Football's most chastised icon is also one of its most celebrated. Such is the life of Cristiano Ronaldo.
Perpetually under the stifling spotlight as one of football's best, Ronaldo's comments following a 1-0 loss to Atletico Madrid were heavily criticised for being selfish and narcissistic.
"It annoys me that they say that Cristiano has dropped his level, and that is why Madrid have dropped their level," Ronaldo said, according to ESPN FC. "If they were all at my level we would be first. You always ask me these crappy questions - it seems that here in Spain, I am in the s---. The numbers do not lie, statistics never trick you, it is easy."
Speaking in the third person notwithstanding, the former Manchester United standout does have a point.
The 31-year-old later backtracked on his remarks, telling Marca that he was "referring to the physical level, not the level of play."
"I don't want to say that Jese, Lucas (Vazquez), or (Mateo) Kovacic are not good players, they are very good, but ... to win a competition you need to have your best players," Ronaldo continued. "Our best players are injured, unfortunately, it's a fact, the reality."
For someone apparently happy to criticise teammates, Ronaldo has been complimentary of colleagues in the past, waxing poetic about his time with Manchester United.
"Paul Scholes and Gary Neville were incredible (examples). Neville was the most professional player I saw. This is why these guys played in the top level for 10 years. People like Giggsy (Ryan Giggs). I learnt from them."
On the heels of the aforementioned defeat to Atletico, Real bounced back with a one-sided drubbing of a good Celta Vigo side a week later.
His four-goal performance was a clinic in the versatility of Ronaldo's game; a 30-yard rocket was followed by a trademark free-kick to quiet the jeers of Real fans who whistled at him earlier in the match.
How fickle are the supporters who booed him in the opening stanza, only to cheer him again following an utterly dominant display?
For as long as Ronaldo and Lionel Messi ply their trade, the two will be compared both for their individual exploits and those of their behemoth sides.
Messi is the timid, undersized star whose fluid displays have helped the Catalan giant win the league seven times, to go along with three Copa del Rey titles and four Champions League crowns.
Ronaldo is the antihero. Three years the senior of his Argentine peer, the 31-year-old has claimed league honours three times at United, and once at Real. Those triumphs are coupled with five domestic cups and a pair of Champions League trophies.
Arguing the superiority of one over the other is a debate that borders on the arbitrary, though a comparison of their numbers since the Portuguese international moved to La Liga (ahead of the 2009-10 campaign) reveal the narrow margins between these two megastars.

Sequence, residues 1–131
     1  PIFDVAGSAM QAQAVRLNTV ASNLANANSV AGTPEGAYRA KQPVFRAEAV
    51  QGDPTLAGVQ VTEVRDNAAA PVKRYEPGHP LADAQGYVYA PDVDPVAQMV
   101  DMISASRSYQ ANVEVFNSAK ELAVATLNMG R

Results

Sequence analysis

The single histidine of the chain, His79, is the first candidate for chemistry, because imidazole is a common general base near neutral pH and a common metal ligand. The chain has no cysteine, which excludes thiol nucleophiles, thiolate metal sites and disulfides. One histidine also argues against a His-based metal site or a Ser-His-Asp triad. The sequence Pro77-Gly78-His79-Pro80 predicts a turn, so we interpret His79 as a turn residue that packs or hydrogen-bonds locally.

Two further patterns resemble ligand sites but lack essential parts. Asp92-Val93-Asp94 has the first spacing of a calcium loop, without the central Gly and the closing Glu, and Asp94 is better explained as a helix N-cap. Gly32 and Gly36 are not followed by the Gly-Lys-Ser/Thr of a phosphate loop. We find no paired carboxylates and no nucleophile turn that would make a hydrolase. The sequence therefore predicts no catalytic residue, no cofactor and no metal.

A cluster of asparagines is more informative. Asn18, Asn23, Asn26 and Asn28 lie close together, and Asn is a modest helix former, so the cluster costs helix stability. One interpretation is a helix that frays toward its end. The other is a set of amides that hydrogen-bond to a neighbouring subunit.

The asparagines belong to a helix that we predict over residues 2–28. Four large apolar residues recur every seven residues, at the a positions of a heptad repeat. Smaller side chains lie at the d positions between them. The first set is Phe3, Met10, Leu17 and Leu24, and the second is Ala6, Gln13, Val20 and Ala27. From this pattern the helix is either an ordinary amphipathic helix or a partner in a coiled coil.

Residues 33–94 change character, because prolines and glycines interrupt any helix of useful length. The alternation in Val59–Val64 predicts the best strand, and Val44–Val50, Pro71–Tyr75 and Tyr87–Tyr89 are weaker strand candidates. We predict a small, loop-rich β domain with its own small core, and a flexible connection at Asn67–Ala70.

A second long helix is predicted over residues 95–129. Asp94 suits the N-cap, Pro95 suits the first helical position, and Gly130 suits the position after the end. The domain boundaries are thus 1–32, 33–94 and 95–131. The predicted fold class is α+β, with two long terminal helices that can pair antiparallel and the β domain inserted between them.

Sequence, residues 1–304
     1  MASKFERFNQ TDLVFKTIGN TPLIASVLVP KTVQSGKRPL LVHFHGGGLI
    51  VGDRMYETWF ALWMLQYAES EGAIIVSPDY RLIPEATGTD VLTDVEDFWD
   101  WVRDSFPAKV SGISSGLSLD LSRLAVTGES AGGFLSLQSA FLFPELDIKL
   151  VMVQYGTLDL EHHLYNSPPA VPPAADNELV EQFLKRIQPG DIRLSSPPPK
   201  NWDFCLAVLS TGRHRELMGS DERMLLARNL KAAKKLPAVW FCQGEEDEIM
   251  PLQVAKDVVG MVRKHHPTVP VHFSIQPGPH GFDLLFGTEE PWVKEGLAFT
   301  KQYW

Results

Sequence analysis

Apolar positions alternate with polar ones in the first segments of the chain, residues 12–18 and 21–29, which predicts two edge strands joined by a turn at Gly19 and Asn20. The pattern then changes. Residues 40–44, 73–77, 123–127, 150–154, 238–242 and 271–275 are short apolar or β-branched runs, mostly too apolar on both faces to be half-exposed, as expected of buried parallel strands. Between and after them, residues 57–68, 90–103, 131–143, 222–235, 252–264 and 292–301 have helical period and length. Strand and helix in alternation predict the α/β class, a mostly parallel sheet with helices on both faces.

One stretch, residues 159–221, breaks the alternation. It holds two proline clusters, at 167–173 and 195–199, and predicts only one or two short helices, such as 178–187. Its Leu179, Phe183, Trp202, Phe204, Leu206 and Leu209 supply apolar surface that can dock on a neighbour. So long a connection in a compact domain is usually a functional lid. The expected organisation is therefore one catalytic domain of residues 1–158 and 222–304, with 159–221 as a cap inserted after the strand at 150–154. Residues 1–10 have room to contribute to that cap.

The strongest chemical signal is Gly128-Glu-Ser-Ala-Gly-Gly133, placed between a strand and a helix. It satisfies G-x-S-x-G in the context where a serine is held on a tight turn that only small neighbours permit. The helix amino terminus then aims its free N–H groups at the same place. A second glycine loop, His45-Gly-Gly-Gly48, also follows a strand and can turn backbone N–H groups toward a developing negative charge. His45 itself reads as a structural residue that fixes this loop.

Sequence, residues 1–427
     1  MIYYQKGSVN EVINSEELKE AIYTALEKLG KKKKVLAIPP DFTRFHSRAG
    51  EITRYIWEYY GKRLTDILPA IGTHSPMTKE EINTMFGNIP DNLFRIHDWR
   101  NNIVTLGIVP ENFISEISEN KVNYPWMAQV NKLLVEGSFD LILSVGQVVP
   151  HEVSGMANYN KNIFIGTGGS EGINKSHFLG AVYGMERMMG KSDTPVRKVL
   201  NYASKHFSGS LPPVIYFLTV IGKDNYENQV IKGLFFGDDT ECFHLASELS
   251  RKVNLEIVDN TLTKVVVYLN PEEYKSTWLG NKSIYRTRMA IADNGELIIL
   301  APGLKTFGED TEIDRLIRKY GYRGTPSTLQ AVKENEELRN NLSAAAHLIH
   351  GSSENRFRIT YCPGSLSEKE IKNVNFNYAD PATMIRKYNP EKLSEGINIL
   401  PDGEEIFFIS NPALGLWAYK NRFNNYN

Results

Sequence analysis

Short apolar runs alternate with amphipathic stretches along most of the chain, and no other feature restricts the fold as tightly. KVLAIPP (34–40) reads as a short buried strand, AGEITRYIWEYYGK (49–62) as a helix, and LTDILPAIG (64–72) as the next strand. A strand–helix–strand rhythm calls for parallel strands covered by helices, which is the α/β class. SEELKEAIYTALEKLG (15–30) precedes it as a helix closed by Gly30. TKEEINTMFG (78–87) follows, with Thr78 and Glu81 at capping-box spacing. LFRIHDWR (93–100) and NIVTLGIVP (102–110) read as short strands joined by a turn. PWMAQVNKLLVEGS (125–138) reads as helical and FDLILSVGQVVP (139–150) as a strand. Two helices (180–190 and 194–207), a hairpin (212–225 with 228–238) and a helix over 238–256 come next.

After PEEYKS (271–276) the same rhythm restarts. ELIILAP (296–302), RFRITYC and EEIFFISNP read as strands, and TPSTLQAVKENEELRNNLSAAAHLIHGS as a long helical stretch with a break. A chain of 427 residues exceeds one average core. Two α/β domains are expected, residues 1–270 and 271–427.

La Liga (since Ronaldo moved to Real Madrid in 2009-10)
Like the correlations above, their statistics in continental competitions highlight analogous achievements as well.
Champions League (since Ronaldo's move to Real Madrid)
A cursory glance at La Liga's all-time scoring list reveals that the statuesque Portuguese holds an advantage over the pint-sized Argentine in goals-per-match ratio.
La Liga all-time scoring list
|6.||Alfredo di Stefano||1953-1966||227||329||0.69|
Constantly toeing the line of self-absorption, narcissism, and a deserved sense of entitlement that comes with being one of the world's best, Ronaldo is maligned for things other players are praised for.
Ronaldo releases an intimate cinematic glimpse into his life, and pundits excoriate the Sporting Lisbon academy product for being an egomaniac, while colleagues like Zlatan Ibrahimovic and David Beckham are praised for their own documentaries.
Raised in poverty by an alcoholic father, who died in 2005 before his son cemented his place among the pantheon of the sport's best, part of Ronaldo's urgency to be a father himself was to give his namesake, Cristiano Jr., the things that were absent in his youth.
When his dad was dying of liver failure, then-United gaffer Sir Alex Ferguson played father in his stead. Ronaldo recalls how the Scot supported him:
When my daddy was dying, he was in a hospital in London, and it was not good. I said to (Sir Alex) Ferguson, "Coach I want to go." But Ferguson said, "Football doesn’t mean anything compared with your dad. If you want to go, go." I’ll always appreciate that.
Honesty like this humanises a man who is so often falsely characterised as robotic and insincere.
The infamous film, while glossy and self-referential, is also honest, revealing Ronaldo's anguish during his father's death in London, the love he has for his mother and the relationship he has with his 5-year-old son.
From humble roots to the pinnacle of the sport, the stately yin to the yang of those canonized for their footballing exploits will be remembered for being one of the sport's most dazzling when he hangs up his boots. Football will be an inferior product without him.
All too often painted as the conceited villainous libertine of football, Ronaldo will continue to excel with or without the undivided support of those who chastise him.